If you are reading carefully, you will have noticed that the language reads “religious organization,” which makes it appear that only an established church can deny housing, which makes little sense. Let me clarify by giving you Mississippi’s definition of religious organization.

“(a) A house of worship, including, but not limited to, churches, synagogues, shrines, mosques and temples; (b) A religious group, corporation, association, school or educational institution, ministry, order, society or similar entity, regardless of whether it is integrated or affiliated with a church or other house of worship; and (c) An officer, owner, employee, manager, religious leader, clergy or minister of an entity or organization described in this subsection.”

According to this definition, in Mississippi, anything can be a religious group and anyone a religious leader. Want to deny a same-sex couple or an unmarried couple a rental agreement? As long as you claim the denial is based on a religious belief, you are not discriminating, according to Mississippi law.

Unfortunately for Mississippi, there is something called the Fair Housing Act. While this act, passed back in 1968, does not currently protect members of the LGBT community or unmarried couples from housing discrimination, an executive order can be issued to federally block discrimination. Such an order would not impact all housing, such as single-family homes rented without the assistance of brokers, but it would be the first step in the right direction.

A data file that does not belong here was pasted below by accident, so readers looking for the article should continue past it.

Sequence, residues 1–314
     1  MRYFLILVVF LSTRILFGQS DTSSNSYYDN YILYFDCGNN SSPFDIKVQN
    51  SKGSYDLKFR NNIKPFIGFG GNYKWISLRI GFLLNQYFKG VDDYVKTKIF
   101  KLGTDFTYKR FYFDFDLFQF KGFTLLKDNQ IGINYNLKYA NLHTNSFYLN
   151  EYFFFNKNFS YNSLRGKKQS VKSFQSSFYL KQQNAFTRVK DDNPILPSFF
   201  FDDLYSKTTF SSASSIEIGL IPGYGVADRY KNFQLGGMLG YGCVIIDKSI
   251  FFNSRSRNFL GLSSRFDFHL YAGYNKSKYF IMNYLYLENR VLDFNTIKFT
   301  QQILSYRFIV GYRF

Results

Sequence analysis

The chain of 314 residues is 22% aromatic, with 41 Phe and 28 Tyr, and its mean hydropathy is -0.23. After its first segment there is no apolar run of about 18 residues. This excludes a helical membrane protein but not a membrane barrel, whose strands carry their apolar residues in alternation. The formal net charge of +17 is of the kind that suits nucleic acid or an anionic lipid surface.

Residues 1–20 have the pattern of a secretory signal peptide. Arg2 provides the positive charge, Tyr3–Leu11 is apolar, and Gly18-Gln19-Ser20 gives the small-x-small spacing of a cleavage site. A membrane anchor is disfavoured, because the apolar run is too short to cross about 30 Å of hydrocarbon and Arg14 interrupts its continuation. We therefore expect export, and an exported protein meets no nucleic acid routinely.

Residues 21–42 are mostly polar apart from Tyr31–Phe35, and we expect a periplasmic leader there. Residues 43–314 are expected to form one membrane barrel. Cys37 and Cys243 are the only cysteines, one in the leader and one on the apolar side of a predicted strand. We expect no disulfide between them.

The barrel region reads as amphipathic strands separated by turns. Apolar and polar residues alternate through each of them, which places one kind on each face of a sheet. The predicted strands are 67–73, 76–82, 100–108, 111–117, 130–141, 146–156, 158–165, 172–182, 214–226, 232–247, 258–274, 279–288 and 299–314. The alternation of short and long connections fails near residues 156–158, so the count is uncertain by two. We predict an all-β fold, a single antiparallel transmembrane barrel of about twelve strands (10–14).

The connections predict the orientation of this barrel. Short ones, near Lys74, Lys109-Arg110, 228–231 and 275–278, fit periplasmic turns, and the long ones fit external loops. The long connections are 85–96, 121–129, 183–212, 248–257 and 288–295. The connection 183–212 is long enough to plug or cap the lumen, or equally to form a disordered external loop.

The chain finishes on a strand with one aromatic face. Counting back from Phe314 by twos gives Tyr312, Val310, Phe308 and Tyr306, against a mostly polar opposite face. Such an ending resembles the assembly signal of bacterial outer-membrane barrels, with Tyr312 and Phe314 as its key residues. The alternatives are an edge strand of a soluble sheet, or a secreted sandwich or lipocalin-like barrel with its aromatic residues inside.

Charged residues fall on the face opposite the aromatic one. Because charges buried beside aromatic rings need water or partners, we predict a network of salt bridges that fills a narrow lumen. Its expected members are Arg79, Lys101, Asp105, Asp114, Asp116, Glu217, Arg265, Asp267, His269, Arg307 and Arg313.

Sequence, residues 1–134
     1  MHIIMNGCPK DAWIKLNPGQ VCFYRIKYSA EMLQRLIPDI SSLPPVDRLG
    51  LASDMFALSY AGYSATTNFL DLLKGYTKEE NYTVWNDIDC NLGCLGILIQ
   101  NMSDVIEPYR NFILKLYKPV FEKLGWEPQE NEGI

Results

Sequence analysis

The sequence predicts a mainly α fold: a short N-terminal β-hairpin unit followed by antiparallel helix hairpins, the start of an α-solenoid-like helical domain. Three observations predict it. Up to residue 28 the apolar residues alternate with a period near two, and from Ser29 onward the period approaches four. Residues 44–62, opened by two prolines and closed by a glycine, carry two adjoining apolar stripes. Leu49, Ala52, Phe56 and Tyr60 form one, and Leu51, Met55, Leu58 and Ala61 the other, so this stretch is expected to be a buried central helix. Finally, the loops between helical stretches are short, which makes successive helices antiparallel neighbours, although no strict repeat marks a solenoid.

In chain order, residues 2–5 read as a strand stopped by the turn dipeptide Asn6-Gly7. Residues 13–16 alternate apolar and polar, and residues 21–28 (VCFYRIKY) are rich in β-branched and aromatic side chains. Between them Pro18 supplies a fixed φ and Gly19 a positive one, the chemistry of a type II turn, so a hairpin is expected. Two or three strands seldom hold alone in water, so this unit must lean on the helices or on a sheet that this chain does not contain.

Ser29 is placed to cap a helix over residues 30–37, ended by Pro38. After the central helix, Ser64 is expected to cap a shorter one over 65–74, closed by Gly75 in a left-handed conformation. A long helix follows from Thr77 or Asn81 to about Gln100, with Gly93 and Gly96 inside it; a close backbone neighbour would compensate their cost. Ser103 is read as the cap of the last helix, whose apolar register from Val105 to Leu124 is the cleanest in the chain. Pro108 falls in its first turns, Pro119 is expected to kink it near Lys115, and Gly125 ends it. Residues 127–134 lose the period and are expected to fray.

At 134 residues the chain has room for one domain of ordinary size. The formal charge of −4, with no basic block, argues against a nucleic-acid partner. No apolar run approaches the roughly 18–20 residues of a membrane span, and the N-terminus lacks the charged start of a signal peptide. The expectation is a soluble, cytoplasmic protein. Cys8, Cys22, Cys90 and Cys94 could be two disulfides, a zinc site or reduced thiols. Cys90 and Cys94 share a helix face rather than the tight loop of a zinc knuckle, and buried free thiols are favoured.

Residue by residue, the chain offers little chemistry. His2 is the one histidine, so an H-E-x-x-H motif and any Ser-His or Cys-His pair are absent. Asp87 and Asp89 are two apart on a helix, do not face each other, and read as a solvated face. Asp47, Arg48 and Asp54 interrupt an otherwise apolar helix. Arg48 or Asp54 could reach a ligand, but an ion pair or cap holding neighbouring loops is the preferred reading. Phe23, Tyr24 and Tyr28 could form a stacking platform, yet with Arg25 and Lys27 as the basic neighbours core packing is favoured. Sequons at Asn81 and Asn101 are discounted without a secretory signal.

Finally, the third belief supported by Mississippi’s new law is that gender is determined, anatomically and genetically, at birth. By supporting this belief, the state law allows, in the name of religious beliefs, surgeons, counselors, and other professionals to refuse services based on gender identification. In addition, the support of this belief allows businesses to adopt sex-specific policies that are blatantly discriminatory toward transgender individuals.

In Mississippi and North Carolina, time travel is apparently real, as recent legislation has taken the states back to the middle of the 20th century, when discrimination was not only accepted but also expected. For the Americans who do not support discrimination based on any characteristics, now is the time to speak out against both Mississippi and North Carolina’s new laws.

As for the Americans who support any type of discrimination in the name of religion, I ask you to take a closer look at both your religion and the history of your country. Just slightly more than 150 years ago, white Christians claimed slavery was sanctioned by the Bible. In the 1960s, schools, buses and lunch counters in the South were still segregated, and the phrase “separate, but equal” was heard on the lips of white Southerners.

Mississippi religious law is new discrimination [AP Images]Discrimination on the basis of color and ethnicity is now illegal, even in the deep South. Do not let us regress by allowing states like Mississippi to create Jim Crow-era laws designed to separate people due to their sexual orientations, marital statuses or gender identifications in the name of religious belief, because separate is never equal.

[Photo by Rogelio V. Solis/AP Images]